updated 11/13/2003 5:43:24 PM ET 2003-11-13T22:43:24

The elderly receive inadequate oral health care, leaving them susceptible to more serious diseases, a health advocacy group said in a report released Monday.

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The report from Oral Health America graded states on the extent older Americans are covered by both private insurers and Medicaid, giving the nation an overall “D” for the lack of benefits available while failing fourteen states and the District of Columbia.

“Poor oral health care causes millions of vulnerable seniors to suffer needlessly,” said Sen. John Breaux of Louisiana, the senior Democrat on the Senate Special Committee on Aging.

With private dental coverage often ending at retirement, and Medicare generally not including dental services, most older Americans pay out-of-pocket for their oral health care. Many low-income elderly depend on Medicaid, but the scope of services has declined with recent state budget shortfalls.

Only eight states currently provide full Medicaid dental benefits to adults, and nine states have no such coverage, said Conan Davis, chief dental officer for the Centers for Medicare and Medicaid Services.

The problem is compounded by too few properly trained professionals in geriatric dental care, and by the difficulty of finding a dentist who accepts lower Medicaid payments, said Robert Klaus, president of Oral Health America.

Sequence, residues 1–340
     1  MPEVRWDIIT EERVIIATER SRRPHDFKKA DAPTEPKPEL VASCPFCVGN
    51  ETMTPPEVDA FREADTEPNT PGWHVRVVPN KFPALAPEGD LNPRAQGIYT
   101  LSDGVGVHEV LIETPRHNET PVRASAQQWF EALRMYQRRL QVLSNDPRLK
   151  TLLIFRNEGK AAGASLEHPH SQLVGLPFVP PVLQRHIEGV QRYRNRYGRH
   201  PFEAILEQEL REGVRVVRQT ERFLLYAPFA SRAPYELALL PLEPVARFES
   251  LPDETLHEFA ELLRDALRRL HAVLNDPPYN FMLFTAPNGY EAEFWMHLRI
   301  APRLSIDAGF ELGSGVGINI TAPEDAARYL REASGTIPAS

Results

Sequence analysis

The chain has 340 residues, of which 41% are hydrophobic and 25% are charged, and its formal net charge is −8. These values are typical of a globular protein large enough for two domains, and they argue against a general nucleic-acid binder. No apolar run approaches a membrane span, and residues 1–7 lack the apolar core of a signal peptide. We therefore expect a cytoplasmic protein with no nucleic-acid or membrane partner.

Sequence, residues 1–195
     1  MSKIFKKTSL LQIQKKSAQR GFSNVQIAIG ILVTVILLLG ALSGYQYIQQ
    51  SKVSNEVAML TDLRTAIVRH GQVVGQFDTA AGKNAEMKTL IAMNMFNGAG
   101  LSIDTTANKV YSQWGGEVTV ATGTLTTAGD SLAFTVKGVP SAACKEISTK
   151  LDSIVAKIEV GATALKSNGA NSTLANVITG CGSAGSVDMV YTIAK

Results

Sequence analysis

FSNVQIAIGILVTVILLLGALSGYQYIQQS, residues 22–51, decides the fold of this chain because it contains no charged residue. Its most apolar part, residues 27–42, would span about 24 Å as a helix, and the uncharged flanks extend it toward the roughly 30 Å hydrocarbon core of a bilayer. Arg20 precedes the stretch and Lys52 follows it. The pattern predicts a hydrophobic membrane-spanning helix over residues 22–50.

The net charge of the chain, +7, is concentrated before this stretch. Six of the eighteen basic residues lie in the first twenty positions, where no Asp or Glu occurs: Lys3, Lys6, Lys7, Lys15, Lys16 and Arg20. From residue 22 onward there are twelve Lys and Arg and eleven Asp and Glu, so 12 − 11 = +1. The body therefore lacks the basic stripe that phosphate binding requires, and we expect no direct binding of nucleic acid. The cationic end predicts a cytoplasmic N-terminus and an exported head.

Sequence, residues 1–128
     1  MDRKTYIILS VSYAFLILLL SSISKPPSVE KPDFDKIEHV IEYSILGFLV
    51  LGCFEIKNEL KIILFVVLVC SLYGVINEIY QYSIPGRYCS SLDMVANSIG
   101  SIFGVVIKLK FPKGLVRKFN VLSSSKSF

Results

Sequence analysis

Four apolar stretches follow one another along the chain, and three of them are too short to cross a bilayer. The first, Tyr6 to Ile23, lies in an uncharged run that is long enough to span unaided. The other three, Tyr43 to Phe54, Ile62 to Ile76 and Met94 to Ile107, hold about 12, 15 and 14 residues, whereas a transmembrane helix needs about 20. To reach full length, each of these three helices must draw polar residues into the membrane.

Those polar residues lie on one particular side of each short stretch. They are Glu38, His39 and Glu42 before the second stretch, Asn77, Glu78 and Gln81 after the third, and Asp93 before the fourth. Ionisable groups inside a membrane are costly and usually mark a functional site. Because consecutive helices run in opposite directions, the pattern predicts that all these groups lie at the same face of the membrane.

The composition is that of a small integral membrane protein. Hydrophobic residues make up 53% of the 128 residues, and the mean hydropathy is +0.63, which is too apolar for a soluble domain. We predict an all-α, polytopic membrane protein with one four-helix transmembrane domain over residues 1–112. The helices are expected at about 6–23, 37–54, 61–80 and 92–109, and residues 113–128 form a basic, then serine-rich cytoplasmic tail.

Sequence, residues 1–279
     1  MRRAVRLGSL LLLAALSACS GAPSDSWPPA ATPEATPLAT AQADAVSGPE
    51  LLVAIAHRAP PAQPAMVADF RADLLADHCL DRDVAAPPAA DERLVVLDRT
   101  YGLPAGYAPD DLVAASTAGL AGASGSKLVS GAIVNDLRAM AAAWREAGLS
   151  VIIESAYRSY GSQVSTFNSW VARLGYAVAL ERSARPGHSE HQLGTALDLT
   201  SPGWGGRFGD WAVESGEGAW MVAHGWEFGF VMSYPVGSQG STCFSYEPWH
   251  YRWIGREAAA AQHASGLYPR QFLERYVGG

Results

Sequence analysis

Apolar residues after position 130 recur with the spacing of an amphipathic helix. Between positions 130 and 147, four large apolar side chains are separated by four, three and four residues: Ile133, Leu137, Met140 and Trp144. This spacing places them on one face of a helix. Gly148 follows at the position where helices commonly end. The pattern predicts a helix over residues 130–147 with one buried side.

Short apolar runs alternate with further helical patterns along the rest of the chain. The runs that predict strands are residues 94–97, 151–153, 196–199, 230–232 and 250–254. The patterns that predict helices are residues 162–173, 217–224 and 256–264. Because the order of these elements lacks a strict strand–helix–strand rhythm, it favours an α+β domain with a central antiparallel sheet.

Despite the states’ cash crunch, advocates are pushing for Medicaid dental coverage to at least be extended to the aged, blind and disabled, which Oral Health America estimated would cost around $1 billion.

Surgeon General Richard Carmona suggests people can prevent dental problems by flossing daily or abstaining from tobacco, and that health professionals should be trained to conduct oral screenings as part of routine physical exams.

Both health officials and advocates said poor dental care increases the risks of misdiagnosis or mistreatment of other diseases, or of missing them altogether.

“The mouth and face can be likened to a crystal ball, predicting diseases and conditions yet to come” such as cardiovascular disease, osteoporosis, diabetes and cancer, said Daniel Perry, executive director for the Alliance for Aging Research.

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